I have to say that I’m a little worried about the way Info Today conference Keynotes are headed – last week we had our keynote speaker serenade us and this morning we got a musical slideshow – do we see a pattern here?
Anyway, I never feel that I can do justice to great speakers when I sum up what they said, but I’ll give it a whirl here.
The question is “What makes a great story?”, the answers – Endurance, Relevance, Memorable. The examples that Cindy gave us of memorable characters were Shrek (a movie that almost everyone in the room had seen) and Gollum from Lord of the Rings.
Why do stories matter? Well, Dave wanted us to take a little test before he answered that question for us. I’m going to give you a link to a video – while watching it please count the number of times that someone in a white ball catches the ball – and Dave points out that a bounce and a catch counts. Have you see this video before? If not –(don’t read any further).
Okay – so what’s your answer? 8? 16? 24? 30? Did you see the gorilla? (are you going HUH?)– this time just watch – don’t count. If you saw the gorilla the first time then you weren’t paying attention to the task at hand.
Dave says that the problem is either you can count the ball or look for the gorilla – you can’t do both. It’s not possible the way the human brain is structured, you see the world as a series of dots and you fill in the gaps with memories from previous experience. If you come from a western-based language and you really concentrate, at most you will take in 5% of the data – if you come from a pictorial language group it goes up to 10%.
A radiologist for example looks at an x-ray, scans 5% if they’re really concentrating, scans through 40,000+ patterns in their long-term memory, which are roughly sequenced in frequency of use, and having done that makes a first pick pattern match that fits with their previous experience – a first pick – not a best pick. Then they rationalize it – whatever they picked is a rational decision.
Human beings are pattern processing intelligences not information processing intelligences – the only human being that process information in a rational structured way is autistic – which is why they find it difficult to cope with the amount of sensory stimulation within the world.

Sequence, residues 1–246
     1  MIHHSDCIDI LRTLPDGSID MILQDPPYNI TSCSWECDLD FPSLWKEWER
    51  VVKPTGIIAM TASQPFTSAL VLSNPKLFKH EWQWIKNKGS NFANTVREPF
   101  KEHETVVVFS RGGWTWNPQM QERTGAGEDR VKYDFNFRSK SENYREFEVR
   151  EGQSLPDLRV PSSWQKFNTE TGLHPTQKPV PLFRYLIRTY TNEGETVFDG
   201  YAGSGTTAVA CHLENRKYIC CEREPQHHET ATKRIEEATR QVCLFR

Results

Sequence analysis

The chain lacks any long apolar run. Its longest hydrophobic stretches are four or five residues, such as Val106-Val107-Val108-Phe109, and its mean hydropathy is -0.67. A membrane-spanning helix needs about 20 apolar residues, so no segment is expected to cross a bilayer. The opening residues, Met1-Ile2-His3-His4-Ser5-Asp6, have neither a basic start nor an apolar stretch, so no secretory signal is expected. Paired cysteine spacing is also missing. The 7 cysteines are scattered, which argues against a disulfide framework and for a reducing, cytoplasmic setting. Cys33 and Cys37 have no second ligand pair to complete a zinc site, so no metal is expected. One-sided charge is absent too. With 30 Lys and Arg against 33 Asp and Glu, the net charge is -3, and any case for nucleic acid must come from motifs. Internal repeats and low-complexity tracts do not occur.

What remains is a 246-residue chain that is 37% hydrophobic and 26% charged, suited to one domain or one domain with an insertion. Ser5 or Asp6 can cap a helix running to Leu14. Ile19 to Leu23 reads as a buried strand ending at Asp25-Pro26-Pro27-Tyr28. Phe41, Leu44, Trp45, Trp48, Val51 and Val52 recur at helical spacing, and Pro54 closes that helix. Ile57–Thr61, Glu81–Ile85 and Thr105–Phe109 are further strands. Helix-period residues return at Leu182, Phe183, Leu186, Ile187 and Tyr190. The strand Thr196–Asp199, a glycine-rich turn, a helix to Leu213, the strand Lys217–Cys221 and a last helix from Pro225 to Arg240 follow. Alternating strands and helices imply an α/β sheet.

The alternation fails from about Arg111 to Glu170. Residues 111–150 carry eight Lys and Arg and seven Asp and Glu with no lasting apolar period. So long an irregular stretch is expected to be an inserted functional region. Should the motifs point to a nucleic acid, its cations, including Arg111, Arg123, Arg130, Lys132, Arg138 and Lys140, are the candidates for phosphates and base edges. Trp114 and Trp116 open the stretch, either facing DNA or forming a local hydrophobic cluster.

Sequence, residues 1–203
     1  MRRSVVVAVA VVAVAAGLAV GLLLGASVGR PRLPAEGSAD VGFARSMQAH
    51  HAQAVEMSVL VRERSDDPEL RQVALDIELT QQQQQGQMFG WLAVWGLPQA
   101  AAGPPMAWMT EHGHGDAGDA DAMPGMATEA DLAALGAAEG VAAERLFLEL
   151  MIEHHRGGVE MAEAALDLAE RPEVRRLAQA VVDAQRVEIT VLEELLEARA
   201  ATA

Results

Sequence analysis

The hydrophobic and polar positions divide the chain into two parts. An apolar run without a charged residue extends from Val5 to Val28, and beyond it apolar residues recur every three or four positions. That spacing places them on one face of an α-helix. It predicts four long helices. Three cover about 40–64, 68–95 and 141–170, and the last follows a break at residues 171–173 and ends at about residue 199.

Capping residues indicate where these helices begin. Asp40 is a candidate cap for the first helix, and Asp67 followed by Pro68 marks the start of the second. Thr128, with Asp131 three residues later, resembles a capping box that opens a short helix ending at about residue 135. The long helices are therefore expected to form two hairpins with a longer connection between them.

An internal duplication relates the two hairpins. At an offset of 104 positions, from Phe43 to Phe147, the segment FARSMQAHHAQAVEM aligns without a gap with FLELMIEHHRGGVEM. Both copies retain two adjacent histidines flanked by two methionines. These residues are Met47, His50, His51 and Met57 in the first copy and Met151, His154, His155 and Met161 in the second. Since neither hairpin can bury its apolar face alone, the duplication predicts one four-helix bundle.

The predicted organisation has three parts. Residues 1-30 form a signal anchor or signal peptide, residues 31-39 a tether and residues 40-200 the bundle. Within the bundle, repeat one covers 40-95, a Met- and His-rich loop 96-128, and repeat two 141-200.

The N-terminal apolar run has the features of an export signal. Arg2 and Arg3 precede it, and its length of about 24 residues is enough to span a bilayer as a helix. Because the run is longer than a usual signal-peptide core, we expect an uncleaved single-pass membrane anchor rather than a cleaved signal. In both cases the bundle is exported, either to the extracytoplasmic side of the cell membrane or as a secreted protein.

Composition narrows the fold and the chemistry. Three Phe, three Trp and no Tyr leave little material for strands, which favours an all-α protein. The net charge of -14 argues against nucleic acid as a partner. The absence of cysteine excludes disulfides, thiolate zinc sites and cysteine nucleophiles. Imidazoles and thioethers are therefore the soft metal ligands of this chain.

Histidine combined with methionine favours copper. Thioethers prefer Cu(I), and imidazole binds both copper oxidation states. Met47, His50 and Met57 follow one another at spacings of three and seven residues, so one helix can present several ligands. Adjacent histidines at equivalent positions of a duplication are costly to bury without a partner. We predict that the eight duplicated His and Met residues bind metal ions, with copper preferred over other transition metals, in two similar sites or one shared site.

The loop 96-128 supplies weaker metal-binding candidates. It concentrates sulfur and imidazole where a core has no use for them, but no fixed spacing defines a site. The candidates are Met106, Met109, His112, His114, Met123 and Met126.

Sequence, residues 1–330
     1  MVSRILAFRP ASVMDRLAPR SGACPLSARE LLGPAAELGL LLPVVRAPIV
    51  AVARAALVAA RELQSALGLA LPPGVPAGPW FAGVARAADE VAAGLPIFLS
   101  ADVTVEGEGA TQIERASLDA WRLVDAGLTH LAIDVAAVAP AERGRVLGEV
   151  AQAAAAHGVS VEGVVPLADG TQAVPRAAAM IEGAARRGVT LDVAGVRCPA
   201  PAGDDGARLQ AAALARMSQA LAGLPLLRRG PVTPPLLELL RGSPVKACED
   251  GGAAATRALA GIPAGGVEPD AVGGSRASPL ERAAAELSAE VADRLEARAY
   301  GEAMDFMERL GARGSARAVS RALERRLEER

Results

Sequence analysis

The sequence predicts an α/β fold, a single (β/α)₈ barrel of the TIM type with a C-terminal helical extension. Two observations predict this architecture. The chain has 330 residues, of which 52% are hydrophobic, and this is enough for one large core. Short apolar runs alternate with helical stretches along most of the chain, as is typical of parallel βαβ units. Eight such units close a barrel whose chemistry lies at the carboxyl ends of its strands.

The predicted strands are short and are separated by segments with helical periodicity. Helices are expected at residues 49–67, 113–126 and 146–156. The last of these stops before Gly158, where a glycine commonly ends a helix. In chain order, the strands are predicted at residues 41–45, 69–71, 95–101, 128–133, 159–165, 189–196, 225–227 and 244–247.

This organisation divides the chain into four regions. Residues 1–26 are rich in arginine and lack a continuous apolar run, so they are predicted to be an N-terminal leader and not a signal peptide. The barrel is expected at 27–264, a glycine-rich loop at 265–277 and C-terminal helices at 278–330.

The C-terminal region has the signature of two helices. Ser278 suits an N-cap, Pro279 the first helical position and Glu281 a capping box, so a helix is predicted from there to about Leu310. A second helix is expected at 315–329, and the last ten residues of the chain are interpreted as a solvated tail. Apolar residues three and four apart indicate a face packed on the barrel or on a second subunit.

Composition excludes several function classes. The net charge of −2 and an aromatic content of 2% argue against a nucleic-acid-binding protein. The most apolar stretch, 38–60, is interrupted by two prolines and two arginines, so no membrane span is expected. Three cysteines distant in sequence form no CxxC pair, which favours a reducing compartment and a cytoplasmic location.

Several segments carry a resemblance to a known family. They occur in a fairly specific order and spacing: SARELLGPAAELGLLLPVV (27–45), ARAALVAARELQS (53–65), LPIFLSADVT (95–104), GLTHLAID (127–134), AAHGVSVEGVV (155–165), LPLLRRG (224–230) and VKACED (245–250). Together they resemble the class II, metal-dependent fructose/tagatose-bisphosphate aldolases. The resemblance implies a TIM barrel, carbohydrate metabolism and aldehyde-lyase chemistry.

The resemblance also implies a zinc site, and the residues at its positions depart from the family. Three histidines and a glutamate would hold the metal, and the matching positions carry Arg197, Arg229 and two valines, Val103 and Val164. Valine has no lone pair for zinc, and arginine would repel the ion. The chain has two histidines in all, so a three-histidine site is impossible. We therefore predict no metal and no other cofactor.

He then recommends reading The Curious Incident of the Dog in the Night-Time (a great book). He said he sent several copies to an IT department at a major American company and when they asked why he made them read it is was because they assume their users are autistic – they assume that they can look at everything you present on the screen and make rational decisions.
I find this fascinating!!
I won’t go on to quote everything that Dave said, the point is that Content Management assumes you have context – when you don’t. This explains why search engines can’t find what you’re looking for – you’re asking based on your stories – your memories. The way that we can explain things that we know is to tell stories. He showed us a diagram where between abstract content and embodied context you find narrative stories. Dave says:
I can always say more than I can write down. I always know more than I can write down. I will always say more than I can write down.
So, narrative stories are the missing link in knowledge management.
He then gave us a quote from Terry Pratchett’s Witches Abroad:
Stories don’t care who takes part in them. All that matters is that the story gets told, that the story repeats. Or, if you prefer to think of it like this: stories are a parasitical life form, warping lives in the service only of the story itself.
In conclusion, he calls for a combination of stories and content – a way to let the author add keywords to their content (tagging) since they know the context in combination with keywords added by professionals who lack context (taxonomy) will lead to better knowledge management.
I hope I did Dave’s talk justice, since it was amazing. I will add a link to the presentation once it becomes available – because the graphics and quotes where too much for me to get down